Jacob Rees-Mogg is wrong: the Tory party does have an Islamophobia problem

For years, the party has done next to nothing to stamp out prejudice in its ranks.

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Islamophobia is rife within the Conservative Party. Fourteen party members have been suspended today for Islamophobic Facebook comments, as uncovered by BuzzFeed. On the very same day, a council candidate in Harlow, Peter Lamb, resigned for racist comments, like his assertion in 2015 that “Islam is like alcoholism. The first step to recovery is admit you have a problem”, revealed on PoliticsHome.

These incidents came after the Tories suspended a Wellingborough Conservative councillor Martyn York last week over a Facebook group he moderated that contained racist and Islamophobic messages.

For some reason, this has led the Conservative MP Jacob Rees-Mogg – the subject of one of the offending Facebook groups, the “Jacob Rees-Mogg Supporters Group” – to champion his party’s action.

“Islamophobes have no place in the Tory party and it is encouraging that we have acted swiftly unlike the Socialists,” he tweeted:

There are so many things wrong with this tweet that it’s difficult to know where to start.

First, Rees-Mogg links to the BuzzFeed report – apparently not realising that Conservative Campaign Headquarters (CCHQ) only took action when the website had contacted them about the comments it uncovered. So no, that’s not action – that’s getting caught.

Second, Rees-Mogg appears to be using his own party’s racism scandal to have a pop at the Labour Party’s anti-Semitism problem, as if it’s all some kind of fun bigotry competition that only matters when scoring political points. You can have two racism scandals. And you can have two racism scandals that are both dealt with appallingly.

Third, Rees-Mogg is simply wrong. Sayeeda Warsi, the Tory peer and former party chair who served as the first Muslim woman in cabinet in 2010-14, has been warning her party about its Islamophobia problem for years.

She resigned as foreign office minister from the cabinet in 2014 over what she called her party’s “morally indefensible” stance on Israel’s actions in Gaza, and had been warning about Islamophobia in Britain long before then – making headlines in 2011 by saying Islamophobia had “passed the dinner table test” in a speech to Leicester University as Conservative Party chair.

A year later, the Tories’ election guru Lynton Crosby reportedly said Boris Johnson’s London mayoral re-election campaign in 2012 shouldn’t focus on winning votes from the “fucking Muslims”.

Since Warsi quit the cabinet, she has been able to speak more freely about the problem in her own party. Naming ministers and strategists, she accused the Conservative Party of making the political calculation not to crack down on the problem in a revealing book on Muslim Britain, The Enemy Within, published in 2017. She also called on the government to rethink its flawed anti-radicalisation Prevent programme.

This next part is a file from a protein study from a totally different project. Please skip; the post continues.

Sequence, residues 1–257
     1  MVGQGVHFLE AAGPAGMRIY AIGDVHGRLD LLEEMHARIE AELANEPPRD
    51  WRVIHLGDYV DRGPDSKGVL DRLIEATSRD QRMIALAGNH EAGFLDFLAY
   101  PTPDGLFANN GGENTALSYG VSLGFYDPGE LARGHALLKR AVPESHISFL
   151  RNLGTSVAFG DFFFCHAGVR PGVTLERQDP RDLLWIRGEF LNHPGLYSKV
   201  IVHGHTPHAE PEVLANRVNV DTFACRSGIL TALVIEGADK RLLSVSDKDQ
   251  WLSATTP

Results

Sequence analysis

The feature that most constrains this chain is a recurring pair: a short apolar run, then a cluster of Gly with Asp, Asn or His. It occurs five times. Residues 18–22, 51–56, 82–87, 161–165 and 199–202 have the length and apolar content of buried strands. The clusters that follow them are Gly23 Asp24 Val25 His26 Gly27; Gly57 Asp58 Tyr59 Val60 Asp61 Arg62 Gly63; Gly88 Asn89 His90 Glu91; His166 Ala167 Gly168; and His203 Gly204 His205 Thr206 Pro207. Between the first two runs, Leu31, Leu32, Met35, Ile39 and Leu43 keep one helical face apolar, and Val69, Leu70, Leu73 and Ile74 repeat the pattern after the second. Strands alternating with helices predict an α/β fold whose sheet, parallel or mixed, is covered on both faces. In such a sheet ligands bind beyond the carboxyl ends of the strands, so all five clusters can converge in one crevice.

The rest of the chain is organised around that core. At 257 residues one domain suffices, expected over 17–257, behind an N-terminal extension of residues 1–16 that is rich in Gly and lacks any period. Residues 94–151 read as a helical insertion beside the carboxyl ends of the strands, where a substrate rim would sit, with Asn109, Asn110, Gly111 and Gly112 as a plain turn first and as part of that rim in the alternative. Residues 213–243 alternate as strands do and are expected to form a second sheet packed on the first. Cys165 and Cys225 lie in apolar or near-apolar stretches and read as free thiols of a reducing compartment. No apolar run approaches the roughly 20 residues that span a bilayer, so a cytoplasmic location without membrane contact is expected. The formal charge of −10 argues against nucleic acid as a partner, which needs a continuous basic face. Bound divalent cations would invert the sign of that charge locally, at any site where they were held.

In June last year, she warned that Islamophobia was “very widespread” in the party, and went “all the way to the top”.

Although Warsi told me at the time she had sent advance copies of her book to Theresa May, the then home secretary Amber Rudd and other ministers, nothing has changed in the party’s attitude towards the problem. Indeed, it has barely acknowledged it – other than to expel a few members when the press sniffed them out.

It allowed former London mayoral candidate Zac Goldsmith’s divide-and-rule election campaign in 2016, which attempted to whip up negativity about Muslims in other Asian areas of London, and only last year a Romford Conservatives campaign leaflet distributed in Havering was accused even by Tory figures of “racist signalling” (it referred to “Mayor Khan” and warned of the borough “resembling” neighbouring “inner-city” areas and “our cherished union jack flag being taken down”). It was later withdrawn.

No action has been taken by the party against Bob Blackman MP, who shared an Islamophobic post on his Facebook page last March, entitled “Muslim Somali sex gang say raping white British children ‘part of their culture’ ” (he later took it down, calling it an “error”), and was soon after found by Vice to be a member of far-right and Islamophobic Facebook groups (which he removed himself from, saying he was “completely unaware” of their content). He also has past form that has also been ignored by the party.

The Muslim Council of Britain officially called for an inquiry into Islamophobia in the Tory Party last May, citing a pattern of over ten Islamophobic occurrences from Tory candidates or representatives from 2018 alone – and its calls have gone unheeded, despite being renewed.

If this is “swift” action, perhaps Rees-Mogg needs to repair his pocket watch.

Anoosh Chakelian is the New Statesman’s Britain editor.